NBA Draft 2017: The Reinvention of Josh Hart

Josh Hart was a proven winner and All-American at Villanova. That didn't stop him from scrapping everything he knew on a mission to prove himself to NBA teams.
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NEW YORK — There are no two ways around the fact that the annual draft discussion is ridden with familiar tropes. From the vernacular to player archetypes to unavoidable NBA comparisons, the established manner of explaining the why behind a prospect tends to center around analogy. It’s the nature of the conversation. It’s not lost on Josh Hart.

The Gauchos Gym is one of New York City’s storied basketball facilities, proudly located in the South Bronx. The Gauchos AAU program lists Chris Mullin, Stephon Marbury and Kemba Walker amongst its many alumni and is currently celebrating its 50th anniversary. Hart, the former Villanova standout has been living and training here in the city since his season ended in March. Hearing him talk like an old man in an old-school gym, the metaphor hits you over the head a little bit.

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“The NBA now is more about the younger guys who are freak athletes, where you can take a risk,” Hart explains. “It’s about potential.” Despite his serious cachet of college accolades, Hart is not a consensus first-round pick in an upcoming draft where the first 10 players selected very well might be be college freshmen. There’s a scenario where no college seniors are picked in the first round at all. Hart’s entire life is figuratively ahead of him, but he’s borderline geriatric within the broader sphere of the draft.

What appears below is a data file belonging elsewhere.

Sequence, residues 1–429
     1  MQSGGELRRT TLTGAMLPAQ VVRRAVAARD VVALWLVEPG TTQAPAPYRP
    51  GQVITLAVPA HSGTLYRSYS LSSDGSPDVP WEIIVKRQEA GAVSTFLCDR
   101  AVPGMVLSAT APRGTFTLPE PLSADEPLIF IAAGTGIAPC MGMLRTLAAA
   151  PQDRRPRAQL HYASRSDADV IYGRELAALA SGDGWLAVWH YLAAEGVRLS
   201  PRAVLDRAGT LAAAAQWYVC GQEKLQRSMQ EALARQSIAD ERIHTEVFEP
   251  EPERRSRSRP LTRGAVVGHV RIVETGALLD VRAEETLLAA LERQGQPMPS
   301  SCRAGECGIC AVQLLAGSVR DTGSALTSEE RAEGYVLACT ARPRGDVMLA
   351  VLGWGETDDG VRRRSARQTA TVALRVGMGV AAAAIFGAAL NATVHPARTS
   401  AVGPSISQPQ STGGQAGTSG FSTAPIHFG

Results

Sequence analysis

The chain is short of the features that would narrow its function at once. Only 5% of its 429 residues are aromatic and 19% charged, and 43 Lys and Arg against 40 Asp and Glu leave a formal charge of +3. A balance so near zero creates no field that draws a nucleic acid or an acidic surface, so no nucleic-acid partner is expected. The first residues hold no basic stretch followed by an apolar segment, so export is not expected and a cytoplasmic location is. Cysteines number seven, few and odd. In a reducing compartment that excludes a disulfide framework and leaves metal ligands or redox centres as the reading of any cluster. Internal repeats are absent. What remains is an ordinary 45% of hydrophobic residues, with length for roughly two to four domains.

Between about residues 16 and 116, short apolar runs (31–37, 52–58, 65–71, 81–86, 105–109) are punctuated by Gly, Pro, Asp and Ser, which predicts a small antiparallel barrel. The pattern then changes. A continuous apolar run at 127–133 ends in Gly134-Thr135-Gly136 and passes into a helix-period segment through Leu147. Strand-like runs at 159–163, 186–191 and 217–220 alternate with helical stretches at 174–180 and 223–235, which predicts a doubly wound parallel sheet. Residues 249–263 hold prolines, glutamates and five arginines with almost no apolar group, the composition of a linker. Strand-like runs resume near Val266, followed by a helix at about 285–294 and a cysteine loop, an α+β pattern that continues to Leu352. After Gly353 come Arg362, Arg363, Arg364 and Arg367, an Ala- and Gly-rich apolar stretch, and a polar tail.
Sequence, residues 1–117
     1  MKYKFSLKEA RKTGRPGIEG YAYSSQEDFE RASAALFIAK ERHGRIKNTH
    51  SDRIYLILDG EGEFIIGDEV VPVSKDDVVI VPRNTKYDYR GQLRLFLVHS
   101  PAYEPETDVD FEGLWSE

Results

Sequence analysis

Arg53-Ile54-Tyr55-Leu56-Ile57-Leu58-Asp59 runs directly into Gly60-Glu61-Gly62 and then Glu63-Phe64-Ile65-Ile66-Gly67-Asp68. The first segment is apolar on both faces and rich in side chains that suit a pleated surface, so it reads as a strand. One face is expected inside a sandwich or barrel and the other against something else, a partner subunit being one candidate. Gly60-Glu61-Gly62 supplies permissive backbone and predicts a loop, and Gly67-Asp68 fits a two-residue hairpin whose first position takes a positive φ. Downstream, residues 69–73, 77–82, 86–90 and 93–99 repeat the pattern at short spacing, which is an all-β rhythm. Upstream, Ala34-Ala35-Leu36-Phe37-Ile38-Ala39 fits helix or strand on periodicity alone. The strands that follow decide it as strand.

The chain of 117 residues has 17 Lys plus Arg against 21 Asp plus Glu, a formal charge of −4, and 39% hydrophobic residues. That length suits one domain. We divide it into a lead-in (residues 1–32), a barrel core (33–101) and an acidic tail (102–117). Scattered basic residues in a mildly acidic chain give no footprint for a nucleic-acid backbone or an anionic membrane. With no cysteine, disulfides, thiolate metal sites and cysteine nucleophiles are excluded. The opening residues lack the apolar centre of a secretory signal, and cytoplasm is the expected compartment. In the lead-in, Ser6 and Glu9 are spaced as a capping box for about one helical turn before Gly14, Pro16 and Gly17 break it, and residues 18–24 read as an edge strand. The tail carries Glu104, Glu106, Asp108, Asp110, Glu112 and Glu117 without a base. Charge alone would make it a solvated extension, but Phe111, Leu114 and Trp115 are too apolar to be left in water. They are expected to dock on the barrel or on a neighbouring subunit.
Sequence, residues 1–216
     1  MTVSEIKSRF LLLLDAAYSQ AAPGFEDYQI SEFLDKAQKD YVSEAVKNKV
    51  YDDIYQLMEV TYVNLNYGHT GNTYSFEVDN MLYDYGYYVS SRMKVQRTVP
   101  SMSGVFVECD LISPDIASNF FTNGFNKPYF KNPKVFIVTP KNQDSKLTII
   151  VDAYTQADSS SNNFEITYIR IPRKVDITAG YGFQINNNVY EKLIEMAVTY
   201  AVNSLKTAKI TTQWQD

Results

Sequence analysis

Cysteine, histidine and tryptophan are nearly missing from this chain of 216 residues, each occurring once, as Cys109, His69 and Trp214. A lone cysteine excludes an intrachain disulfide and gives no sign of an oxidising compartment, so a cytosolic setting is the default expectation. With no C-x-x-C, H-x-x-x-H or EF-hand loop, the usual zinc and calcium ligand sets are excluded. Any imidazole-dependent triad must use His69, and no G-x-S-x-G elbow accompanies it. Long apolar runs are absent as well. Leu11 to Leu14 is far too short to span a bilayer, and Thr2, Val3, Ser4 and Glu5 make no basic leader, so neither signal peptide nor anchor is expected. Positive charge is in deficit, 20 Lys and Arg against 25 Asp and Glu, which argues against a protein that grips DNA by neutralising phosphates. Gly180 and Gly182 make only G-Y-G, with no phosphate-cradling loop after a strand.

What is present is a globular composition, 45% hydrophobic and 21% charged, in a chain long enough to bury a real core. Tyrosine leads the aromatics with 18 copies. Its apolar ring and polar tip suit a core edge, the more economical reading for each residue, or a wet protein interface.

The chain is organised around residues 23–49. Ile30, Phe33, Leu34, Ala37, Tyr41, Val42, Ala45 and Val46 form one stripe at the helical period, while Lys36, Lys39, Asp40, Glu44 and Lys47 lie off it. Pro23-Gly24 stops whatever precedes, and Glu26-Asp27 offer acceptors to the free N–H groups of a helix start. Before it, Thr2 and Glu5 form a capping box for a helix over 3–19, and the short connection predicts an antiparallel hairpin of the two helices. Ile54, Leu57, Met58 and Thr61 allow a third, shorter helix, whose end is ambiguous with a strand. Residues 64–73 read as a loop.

Hart is not elderly by any measure—he’s 22. Seated in a black leather office chair, he can hardly keep himself from swiveling back and forth. His Jordan XI’s, which were purchased well before the release date, scream NBA prospect, but his battered J. Cole iPhone case screams, well, college. He insists he actually likes practicing in sweatpants (which despite Nike’s tech upgrades, are great as pants, poor for sweat). College was not so long ago. For basketball perspective, he was born in March 1995, four days before Zach LaVine and nine ahead of Jabari Parker. Both already have years of NBA experience under their belt.

Over the last couple months, Hart’s been driving and flying between pro workouts and graduations and more workouts, his longtime girlfriend’s upcoming matriculation from nearby Rutgers next on tap before flying to audition for teams on the West Coast. The core of his pitch is simple: “You don’t have to groom me and see what happens.”


It’s fair to say everyone’s already seen a good chunk of what happens: Hart’s Villanova teams went 129–17 in his four seasons, an astonishing run by any standard. They won four straight Big East regular season titles and the 2015 national title. Hart graduated as the leader of the winningest senior class in the nation. “We actually figured that out last night,” he says, chuckling. “That winningest is actually a real word.”